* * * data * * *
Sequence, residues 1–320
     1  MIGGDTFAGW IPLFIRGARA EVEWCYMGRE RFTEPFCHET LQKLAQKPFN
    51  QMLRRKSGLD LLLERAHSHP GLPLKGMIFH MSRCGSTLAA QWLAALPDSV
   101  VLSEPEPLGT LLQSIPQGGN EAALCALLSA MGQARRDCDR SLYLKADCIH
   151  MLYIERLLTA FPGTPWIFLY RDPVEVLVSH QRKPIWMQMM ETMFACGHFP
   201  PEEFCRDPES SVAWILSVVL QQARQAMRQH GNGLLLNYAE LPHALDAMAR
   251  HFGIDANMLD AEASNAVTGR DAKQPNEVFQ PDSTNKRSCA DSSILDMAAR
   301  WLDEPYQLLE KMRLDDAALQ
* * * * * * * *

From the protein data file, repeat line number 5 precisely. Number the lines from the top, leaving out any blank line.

   151  MLYIERLLTA FPGTPWIFLY RDPVEVLVSH QRKPIWMQMM ETMFACGHFP